Courtesy of US NEWS
You’ve heard it time and time again: To get a job you need to network your way into it. But putting yourself “out there”– actively trying to meet new people – can be intimidating if you tend to be introverted or if you’re unemployed and your self-esteem has headed south. Moreover, when you become frustrated, it’s easy to throw up your hands and say, “This isn’t getting me anywhere. How can I get people to help me?”
The good news is that most people are more than happy to help others when they can. It is up to you to enable and mobilize your network to meet your objectives. Here are some keys to make it happen:
1. See yourself as an educator. Your first inclination might be to start emailing everyone you know to let them know you are out of work. You shouldn’t ask “Can you help?” or “Do you have a job for me?” until you have educated your network about your skills, accomplishments and the ways they can be most helpful. These overly general pleas require the recipient to step back and be pro-actively imaginative, rather than laying out a road map that makes it easy to help.
As you communicate, it is important to know your audience and ask yourself: “What does the person who hears my message specifically need to know about me, my abilities and my goals to be helpful?” And then, your task is to provide the right information packaged appropriately for the situation.
2. Be clear about your own goals. Helping someone can take many forms. What would you like your networking partner(s) to do for you? Are you asking for information about an industry, a specific company or individual, a program or a locale? Are you asking for help figuring out what you should do in the next stage of your professional life? If you aren’t clear in your own mind about what it is you want, it makes it nearly impossible for someone to give it to you.
3. Practice networking in safe places. Seek out groups of job searchers, often hosted in public libraries, houses of worship, Meetup.com or independently run. Most are either free or have a nominal admission cost. These are great venues to learn how to best present yourself from others in the same situation, as well as to exchange “leads and needs.” Typically, you will have the opportunity to introduce yourself to the group as a whole, deliver your elevator speech and get some constructive feedback. These forums foster your ability to hone your communications skills, as well as to gain the support of your peers.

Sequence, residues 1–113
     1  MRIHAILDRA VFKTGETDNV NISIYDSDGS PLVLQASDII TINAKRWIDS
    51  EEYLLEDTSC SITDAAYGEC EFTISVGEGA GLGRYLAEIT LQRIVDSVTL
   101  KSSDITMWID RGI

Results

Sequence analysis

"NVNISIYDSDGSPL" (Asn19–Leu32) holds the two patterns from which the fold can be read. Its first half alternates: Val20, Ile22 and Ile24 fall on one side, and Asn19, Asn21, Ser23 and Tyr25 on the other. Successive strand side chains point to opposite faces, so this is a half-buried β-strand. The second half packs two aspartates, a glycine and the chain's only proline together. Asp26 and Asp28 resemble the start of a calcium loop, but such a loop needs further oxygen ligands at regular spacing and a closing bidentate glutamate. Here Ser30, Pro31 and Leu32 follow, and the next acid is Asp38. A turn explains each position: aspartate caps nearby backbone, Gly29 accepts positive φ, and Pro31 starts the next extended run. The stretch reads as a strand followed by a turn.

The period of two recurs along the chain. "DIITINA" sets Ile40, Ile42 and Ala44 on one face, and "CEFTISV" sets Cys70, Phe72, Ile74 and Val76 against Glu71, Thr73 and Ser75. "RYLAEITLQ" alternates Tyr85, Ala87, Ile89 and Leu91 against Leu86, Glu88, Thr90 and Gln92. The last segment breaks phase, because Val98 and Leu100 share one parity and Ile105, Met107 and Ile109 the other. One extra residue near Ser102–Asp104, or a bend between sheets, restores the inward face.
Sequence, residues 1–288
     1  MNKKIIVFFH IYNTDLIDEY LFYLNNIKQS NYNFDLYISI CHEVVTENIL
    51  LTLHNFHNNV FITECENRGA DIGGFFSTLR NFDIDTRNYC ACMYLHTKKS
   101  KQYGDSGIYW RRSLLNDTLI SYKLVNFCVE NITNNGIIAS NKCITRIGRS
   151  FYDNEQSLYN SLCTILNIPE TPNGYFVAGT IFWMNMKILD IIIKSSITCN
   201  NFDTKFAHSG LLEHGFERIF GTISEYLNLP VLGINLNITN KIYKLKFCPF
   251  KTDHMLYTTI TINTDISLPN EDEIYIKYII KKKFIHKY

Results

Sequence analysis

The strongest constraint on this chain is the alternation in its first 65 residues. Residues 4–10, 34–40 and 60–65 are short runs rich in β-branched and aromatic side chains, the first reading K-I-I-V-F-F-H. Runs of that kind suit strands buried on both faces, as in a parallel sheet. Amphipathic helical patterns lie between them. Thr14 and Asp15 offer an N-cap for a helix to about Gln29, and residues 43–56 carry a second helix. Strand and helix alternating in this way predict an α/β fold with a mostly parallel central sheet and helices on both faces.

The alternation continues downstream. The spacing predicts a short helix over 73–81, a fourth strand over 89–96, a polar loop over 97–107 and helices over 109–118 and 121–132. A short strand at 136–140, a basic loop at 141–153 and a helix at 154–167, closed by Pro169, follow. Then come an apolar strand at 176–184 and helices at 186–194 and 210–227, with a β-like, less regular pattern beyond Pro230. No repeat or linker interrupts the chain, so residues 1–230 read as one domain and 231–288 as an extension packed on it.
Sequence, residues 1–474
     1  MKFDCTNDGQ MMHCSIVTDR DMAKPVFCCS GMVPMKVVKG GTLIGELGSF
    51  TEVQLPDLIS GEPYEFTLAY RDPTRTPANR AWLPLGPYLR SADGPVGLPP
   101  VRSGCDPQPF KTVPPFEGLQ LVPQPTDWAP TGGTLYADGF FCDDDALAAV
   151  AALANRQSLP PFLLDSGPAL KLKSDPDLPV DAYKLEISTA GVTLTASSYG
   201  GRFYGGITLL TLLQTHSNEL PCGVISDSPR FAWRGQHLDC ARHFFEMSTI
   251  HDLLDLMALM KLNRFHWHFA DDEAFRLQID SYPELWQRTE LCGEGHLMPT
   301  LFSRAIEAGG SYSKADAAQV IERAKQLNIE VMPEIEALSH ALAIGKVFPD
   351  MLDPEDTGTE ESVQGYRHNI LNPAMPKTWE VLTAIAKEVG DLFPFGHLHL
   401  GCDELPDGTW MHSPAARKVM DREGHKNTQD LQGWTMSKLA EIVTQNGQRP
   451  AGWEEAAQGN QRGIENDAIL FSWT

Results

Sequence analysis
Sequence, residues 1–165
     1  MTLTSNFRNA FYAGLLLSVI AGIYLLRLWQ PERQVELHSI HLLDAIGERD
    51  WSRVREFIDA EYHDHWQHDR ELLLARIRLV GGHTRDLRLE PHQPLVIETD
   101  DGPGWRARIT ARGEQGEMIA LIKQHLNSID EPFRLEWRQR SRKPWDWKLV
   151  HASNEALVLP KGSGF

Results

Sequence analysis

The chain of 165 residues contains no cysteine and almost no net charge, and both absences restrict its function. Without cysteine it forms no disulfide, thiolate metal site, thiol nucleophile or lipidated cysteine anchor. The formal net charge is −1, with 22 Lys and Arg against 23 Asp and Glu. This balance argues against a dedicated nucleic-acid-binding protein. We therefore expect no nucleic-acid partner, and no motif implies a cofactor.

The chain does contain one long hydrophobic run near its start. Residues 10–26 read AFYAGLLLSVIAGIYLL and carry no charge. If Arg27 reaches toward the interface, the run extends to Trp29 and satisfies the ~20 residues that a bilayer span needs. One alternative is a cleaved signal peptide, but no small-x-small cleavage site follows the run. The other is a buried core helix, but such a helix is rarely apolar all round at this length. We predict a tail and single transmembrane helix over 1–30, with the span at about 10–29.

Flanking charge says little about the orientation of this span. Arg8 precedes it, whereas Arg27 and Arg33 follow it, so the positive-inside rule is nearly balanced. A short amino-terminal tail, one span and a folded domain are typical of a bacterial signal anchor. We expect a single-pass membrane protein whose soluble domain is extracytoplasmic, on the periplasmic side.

4. Refine your elevator speech. It is common to hear something like, “I’m looking for a role in X industry.” That might be great information to convey, but it isn’t altogether helpful unless you define the kind of value you bring, and the kind of role you’re seeking. You might have skills and experience that could be a fit in any of a number of industries. By defining your objective too narrowly, you might inadvertently limit your own options. Even if you are very targeted about the specific industry in which you want to work, it is important to convey to your audience what kind of role you’re seeking. You bolster your case even further if you can provide an example of a prior success or accomplishment that can demonstrate the kind of value you bring to a potential employer.
5. Ask for the possible. It seems obvious, but too often people in networking situations make “asks” that are simply unrealistic. For example, “I’m a [insert job title here], but these roles are drying up. What should I do next?” This would be an excellent topic to focus on with a credentialed career counselor. But if you ask the same question of someone whom you’ve just met at a networking event for the first time, you are asking for help that the person is ill equipped to provide. Of if you ask for something that is quite time consuming from a busy person, you’re also likely asking for what he or she just can’t take on.
In short, think out in advance and strategize who can provide what in terms of content, introductions and time. And only ask for what a person can actually give to you.
6. Be respectful. People will want to help you if you engage in common courtesies, don’t overstay your welcome at meetings and don’t ask for someone to break a business or personal confidence. Present yourself as the competent professional that you are, rather than as a haughty person with a sense of entitlement. And if you relate to the job hunter who asked at one meeting of his peers, “How do you go about faking sincerity?” it is time to step back, do a self-inventory and get real. Effective networking is about building relationships.
Keep in mind more jobs are filled by someone knowing and helping someone else than by the combination of job boards, recruiters or responses to job postings. When you take the time to build relationships, refine your message and treat people with respect, you will be most likely to shorten the overall time it takes to hear the words, “You’re hired.”